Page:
Chemical Weapons

By: Associated Press
By: Associated Press

The Army plans to retrain workers at its chemical weapons incinerator in Anniston in response to last week's mishap in which two employees were exposed to trace amounts of sarin nerve agent.

No one was hurt, but operators at the incinerator want to prevent a repeat of the February fourth incident.

Tim Garrett, the Army's manager of the incinerator, said workers wearing protective suits failed to properly clean up after being inside a part of the plant where sarin was present.

Another alarm went off at the incinerator's medical clinic after the two workers were taken there for an exam.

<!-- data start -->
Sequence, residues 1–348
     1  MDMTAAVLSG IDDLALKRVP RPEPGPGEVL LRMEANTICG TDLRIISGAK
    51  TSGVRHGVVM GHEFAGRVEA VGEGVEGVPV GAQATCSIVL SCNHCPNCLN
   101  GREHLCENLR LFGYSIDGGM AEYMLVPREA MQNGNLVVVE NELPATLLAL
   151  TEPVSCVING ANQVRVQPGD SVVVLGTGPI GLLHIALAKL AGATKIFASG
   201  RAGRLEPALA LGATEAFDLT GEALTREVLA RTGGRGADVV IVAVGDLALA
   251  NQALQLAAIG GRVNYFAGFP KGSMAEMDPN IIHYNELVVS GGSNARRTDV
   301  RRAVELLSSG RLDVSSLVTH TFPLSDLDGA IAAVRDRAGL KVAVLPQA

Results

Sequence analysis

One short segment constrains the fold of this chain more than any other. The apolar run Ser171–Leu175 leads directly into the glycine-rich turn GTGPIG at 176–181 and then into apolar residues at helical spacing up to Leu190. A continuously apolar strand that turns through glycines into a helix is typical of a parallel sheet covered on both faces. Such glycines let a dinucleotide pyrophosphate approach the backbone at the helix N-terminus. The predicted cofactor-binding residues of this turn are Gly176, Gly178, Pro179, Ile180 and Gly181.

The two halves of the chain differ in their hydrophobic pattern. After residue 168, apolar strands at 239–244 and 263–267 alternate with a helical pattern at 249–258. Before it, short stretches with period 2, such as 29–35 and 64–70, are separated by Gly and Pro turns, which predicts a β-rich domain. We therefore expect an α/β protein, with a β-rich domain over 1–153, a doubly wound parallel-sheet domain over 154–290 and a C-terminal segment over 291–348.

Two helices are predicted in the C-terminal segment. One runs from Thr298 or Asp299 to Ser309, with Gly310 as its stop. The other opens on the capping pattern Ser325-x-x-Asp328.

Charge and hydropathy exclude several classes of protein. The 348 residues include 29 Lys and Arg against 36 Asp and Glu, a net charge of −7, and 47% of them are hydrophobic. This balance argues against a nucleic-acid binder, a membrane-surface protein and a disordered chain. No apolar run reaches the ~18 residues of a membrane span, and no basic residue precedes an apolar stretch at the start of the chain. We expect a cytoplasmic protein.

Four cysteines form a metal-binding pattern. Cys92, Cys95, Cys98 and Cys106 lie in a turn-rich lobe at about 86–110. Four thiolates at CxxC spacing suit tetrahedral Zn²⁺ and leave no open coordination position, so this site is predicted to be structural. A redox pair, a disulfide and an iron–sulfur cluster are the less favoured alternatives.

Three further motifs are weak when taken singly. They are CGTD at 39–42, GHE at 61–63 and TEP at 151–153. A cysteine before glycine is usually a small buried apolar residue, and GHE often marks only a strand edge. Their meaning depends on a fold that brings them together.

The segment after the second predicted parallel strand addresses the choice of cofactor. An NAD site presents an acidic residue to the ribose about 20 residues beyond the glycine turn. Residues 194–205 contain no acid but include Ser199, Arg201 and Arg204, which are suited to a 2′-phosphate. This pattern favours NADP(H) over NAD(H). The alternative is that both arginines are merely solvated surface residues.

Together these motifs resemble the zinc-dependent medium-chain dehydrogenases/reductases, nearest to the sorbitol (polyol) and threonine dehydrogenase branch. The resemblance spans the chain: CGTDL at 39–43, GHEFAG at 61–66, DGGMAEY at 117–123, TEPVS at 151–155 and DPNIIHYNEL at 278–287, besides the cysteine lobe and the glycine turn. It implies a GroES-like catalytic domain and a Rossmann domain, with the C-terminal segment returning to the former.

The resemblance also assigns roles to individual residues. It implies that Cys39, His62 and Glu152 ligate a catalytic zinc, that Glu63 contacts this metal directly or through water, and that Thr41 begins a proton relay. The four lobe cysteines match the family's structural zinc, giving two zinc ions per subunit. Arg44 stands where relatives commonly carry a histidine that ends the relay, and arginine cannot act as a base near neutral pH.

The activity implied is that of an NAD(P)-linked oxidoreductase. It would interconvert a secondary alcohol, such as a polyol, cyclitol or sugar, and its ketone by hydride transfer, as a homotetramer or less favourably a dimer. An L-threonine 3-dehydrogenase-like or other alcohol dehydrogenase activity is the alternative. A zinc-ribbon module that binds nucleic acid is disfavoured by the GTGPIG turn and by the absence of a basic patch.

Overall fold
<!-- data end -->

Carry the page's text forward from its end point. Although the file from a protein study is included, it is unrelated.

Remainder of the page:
Garrett said trace amounts of sarin mixed with cleaning solution got on one of the workers' undergarments after the protective suit was removed. Both workers were exposed to small amounts of nerve
agent.

Garrett also said the community was never at risk since sarin did not escape the complex.

The Army is at the beginning phase of a ten-year plan to destroy more than 660-thousand Cold War-era chemical weapons stored in bunkers at the Anniston Army Depot.


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